Pop music thrives on unlikely juxtapositions. But after a half-century of fusions, cross-cultural experiments, and sonic-alchemical explosions, you may have concluded that everything had been covered. Well, Josie Cotton is here to prove otherwise. On “Ukranian Cowboy,” her latest single, she’s matching twangy baritone guitar and a country-inspired melody with the deep-voiced chants and buoyant rhythms of Russian folk music. Cotton’s vocals showcase both her new wave roots and her love for film noir; the melody suggests girl groups, Nancy Sinatra, and the Bolshoi Ballet. As is always true with Josie Cotton, there’s a sense that she’s putting you on – but because she loves her source material to pieces, she really does manage to draw connections between traditions, and show that the distance between East and West isn’t quite as great as advertised.
Fans of Josie Cotton are used to astonishment and audacity. Those who know her only from her singles from the influential soundtrack to the 1982 movie Valley Girl – especially the immortal, impertinent “Johnny, Are You Queer?” – might be surprised to learn precisely how adventurous she’s been in the years since. Convertible Music, her wild, uproarious, and frequently hilarious new wave debut might have been the hit, but Cotton has never stopped pushing buttons, scaling obstacles, and making great pop. From The Hip, her follow-up, was even more outspoken and witty than the first record. Twin ’00s albums Movie Disaster Music and Invasion Of The B-Girls explored Cotton’s fascination with vintage b-movies and married the energy and insouciance of punk rock with the alternately dark and playful themes of foreign films and classic exploitation movies.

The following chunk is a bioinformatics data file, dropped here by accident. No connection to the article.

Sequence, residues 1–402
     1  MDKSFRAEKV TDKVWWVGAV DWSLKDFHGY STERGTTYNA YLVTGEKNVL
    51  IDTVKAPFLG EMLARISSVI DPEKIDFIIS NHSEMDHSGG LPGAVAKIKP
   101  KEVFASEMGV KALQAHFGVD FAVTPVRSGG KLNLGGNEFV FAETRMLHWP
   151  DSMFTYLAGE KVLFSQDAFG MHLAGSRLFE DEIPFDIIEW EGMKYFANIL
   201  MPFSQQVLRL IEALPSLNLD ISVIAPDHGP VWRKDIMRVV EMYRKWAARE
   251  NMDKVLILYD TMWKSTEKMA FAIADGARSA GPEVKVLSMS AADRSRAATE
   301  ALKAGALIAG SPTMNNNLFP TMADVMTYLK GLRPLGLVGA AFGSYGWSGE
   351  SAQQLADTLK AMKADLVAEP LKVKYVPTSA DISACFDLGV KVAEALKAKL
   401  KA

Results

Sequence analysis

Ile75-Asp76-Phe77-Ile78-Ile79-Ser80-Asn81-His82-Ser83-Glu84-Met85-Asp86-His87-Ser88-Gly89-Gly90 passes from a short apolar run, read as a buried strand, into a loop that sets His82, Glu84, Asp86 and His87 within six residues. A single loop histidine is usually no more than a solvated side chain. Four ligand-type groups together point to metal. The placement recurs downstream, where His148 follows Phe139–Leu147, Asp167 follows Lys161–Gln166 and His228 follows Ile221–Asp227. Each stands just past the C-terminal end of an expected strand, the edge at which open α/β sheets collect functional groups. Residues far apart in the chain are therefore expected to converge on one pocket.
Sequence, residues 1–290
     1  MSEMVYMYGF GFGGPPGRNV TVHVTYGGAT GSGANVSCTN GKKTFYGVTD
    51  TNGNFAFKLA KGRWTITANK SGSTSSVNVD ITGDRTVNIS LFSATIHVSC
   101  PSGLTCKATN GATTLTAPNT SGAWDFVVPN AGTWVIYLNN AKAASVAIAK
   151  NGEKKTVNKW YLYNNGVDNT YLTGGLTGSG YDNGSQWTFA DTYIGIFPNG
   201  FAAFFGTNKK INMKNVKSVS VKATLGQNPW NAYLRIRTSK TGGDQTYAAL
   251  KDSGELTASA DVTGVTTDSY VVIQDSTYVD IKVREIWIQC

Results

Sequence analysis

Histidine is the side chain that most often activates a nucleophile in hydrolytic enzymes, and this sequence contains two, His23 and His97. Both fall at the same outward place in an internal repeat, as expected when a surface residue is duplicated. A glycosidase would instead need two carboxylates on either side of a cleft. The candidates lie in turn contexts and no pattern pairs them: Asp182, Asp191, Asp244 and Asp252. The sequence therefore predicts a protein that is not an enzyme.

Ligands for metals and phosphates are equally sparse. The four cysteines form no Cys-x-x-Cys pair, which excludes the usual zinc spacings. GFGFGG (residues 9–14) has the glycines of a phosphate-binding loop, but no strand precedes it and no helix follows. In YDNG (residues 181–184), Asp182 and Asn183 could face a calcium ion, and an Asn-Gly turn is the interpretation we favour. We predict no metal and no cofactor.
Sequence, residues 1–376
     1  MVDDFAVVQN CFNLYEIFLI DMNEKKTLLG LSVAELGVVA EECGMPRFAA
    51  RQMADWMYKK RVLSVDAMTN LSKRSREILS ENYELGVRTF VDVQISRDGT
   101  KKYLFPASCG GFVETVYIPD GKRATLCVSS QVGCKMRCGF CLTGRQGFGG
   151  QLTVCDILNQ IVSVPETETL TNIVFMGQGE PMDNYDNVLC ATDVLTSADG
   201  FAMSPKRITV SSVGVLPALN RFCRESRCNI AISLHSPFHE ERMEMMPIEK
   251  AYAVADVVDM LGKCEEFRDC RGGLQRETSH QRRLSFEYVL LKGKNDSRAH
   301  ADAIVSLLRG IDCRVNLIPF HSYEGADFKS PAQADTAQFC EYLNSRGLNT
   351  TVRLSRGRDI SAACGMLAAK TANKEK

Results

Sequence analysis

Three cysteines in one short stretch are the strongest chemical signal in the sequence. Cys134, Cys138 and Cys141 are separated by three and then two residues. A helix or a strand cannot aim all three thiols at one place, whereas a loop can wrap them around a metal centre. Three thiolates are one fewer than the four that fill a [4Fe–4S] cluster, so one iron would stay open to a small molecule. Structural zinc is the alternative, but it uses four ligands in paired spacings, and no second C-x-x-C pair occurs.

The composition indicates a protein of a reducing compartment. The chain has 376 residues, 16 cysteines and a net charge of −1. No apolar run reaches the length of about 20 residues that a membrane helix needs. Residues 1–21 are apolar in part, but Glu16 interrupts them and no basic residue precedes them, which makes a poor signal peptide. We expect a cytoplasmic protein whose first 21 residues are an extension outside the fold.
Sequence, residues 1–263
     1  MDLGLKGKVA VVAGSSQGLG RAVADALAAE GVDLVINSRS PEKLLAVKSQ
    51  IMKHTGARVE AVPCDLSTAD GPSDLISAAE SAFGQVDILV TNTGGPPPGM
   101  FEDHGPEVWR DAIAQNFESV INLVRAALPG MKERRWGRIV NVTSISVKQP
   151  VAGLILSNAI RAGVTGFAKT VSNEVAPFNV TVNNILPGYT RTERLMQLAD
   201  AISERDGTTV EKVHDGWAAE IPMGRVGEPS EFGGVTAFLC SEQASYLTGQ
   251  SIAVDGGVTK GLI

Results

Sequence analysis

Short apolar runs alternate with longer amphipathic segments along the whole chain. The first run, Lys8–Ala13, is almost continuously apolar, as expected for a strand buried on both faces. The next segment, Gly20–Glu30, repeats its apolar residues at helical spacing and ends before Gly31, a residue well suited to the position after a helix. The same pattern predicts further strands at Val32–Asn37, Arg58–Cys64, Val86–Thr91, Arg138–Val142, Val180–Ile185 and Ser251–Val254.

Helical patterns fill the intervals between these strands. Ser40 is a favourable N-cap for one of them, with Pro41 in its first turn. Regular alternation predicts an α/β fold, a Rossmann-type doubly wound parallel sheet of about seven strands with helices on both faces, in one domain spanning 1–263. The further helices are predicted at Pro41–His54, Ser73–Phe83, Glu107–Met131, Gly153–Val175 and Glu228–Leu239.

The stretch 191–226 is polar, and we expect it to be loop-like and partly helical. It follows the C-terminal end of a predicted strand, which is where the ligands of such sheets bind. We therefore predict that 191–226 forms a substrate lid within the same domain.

Cotton’s videos from the B-Girls album and her Pussycat Babylon record took her fans straight to the drive-in; they were letters to film fans from another aficionado, one who was extremely adept at handling cinematic imagery and story telling. The clip for “Ukranian Cowboy” picks up right where she left off. Once again, the costumes and performances are straight from the seamier side of the motion picture industry. The star, who appears in the very first frame in a replica ’60s B-movie poster, dresses the part to a T – and she gallops through the rest of the footage, high in the saddle with an electric guitar strapped to her back. But she’s not riding her horse through the Old West. Instead, she encounters Russian dancers, soldiers, titles in Cyrillic, and the domes of the Eastern church. There’s even a bear strumming a balalaika. It all works together brilliantly: an ironic testament to the artist’s impeccable eye for connections and parallels that elude the average cultural observer.